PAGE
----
All in all, these exams are necessary but IMHO you should not waste too much time with them. They last for quite a bit (in the sense that you can use the results for some years), so if you are ahead of time, try get this done!
You will need a personal statement. It should have around two pages and be very well written. It should include stuff like:
What are you interested in?
What have you done? Cool projects? Cool research?
Why do you want to do a PhD?
Who are you interested to work with in the institution you are applying to, and why?
If you google stuff related to this, you will be widely advised not to get too personal. Although it may be cool to say that: At age 3, my father brought home our first computer and I disassembled it and then put it back together. You probably should not.
Another thing you probably should not do is to try to mention every achievement in your life. I feel that is the case because people have your C.V., and that, by doing that, you are wasting maybe the only part of your application where the professors can get to know you a bit more personally.
I spent a tremendous amount of time writing this and had literally a dozen persons read it for me. As I was applying for different places, I made different variations of the statement of purpose. For each institution I made minor tweaks in the text in general, but I also changed the two latter paragraphs, where I stated my intentions during the PhD, and the faculty I was interested at.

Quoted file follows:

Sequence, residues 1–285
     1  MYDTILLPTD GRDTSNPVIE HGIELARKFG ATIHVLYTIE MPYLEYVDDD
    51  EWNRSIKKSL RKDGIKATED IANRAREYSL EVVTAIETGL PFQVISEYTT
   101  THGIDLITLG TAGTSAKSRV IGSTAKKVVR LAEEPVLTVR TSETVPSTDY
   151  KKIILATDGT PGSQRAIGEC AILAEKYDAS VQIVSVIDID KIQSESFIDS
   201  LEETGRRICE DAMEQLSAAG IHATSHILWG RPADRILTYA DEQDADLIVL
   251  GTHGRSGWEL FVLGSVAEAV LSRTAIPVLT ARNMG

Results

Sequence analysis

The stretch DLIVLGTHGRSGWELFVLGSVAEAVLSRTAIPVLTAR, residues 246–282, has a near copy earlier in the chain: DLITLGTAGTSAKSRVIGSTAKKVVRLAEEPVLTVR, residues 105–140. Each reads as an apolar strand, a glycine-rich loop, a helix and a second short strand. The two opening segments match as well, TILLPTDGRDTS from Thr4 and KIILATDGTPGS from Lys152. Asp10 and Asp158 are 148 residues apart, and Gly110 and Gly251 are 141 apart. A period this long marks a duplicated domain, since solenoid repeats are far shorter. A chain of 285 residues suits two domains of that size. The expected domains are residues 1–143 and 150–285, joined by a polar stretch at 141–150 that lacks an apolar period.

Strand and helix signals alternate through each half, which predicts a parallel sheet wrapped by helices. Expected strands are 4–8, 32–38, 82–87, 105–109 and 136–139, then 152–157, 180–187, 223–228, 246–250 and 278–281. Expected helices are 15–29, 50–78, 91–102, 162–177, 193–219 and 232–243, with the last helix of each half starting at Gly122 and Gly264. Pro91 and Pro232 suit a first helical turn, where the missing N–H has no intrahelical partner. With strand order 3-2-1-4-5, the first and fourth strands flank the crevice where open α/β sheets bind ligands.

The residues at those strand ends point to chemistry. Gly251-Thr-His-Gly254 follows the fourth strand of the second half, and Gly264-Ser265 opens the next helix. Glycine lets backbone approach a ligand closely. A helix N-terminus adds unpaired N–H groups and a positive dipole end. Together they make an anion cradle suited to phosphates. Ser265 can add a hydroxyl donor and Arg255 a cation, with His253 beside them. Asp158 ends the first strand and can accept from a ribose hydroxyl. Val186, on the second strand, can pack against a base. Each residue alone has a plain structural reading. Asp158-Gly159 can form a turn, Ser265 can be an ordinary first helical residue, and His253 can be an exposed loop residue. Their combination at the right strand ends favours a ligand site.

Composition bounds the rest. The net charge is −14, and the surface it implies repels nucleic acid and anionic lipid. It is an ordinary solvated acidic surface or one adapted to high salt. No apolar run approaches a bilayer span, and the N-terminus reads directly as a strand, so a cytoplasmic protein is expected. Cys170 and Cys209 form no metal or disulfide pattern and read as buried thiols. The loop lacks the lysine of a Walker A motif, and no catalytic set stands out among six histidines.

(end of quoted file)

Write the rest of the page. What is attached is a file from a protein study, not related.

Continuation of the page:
You will also need 3 recommendation letters (apparently this number may rise if you are applying for a fellowship in the states, but I do not know anything about this).
I was fortunate to have quite a few people I could ask for a recommendation letter. I ended up asking for letters from my two advisors in Brazil, Meira and Virgilio, and from Bob, who I was working with at EPFL during a big part of this madness. The Mor’s guide gives what I consider to be valuable advice on this:
Get letters from people that know you well, and that won’t merely state “he did good in my class”. You want these letters to come from people you have done a cool project with.
It makes a difference if the admissions committee knows the recommender, of it the recommender is famous.
Give material for people to write the letter for you. Send them atleast your statement of purpose and your CV.
This part of the process is very opaque to the student, but I think I felt really confortable because I really liked the people I asked for recommendation letters (and I thought they liked me too, hehe).
The waiting months for the PhD present many challenges. I think that the thing that helped me the most with coping with the anxiety was travelling — if you are in the south hemisphere, January is perfect to go to the beach :)
This is definitely a nice place to be when you are waiting for your PhD application decisions.
Jokes aside, some practical advise from someone who ended up checking the phone way too often:
Limit your access to www.thegradcafe.com. Check it once a day at most…
Try to focus in other projects, or start some new project…
For me, a lot of things happened to my personal life during these waiting months. The most important being that me and my fiance (and back then girlfriend) decided that we would remain together during my PhD — which is a drama I feel many people experience. After all, 5 years is a looong time (for most but not all!).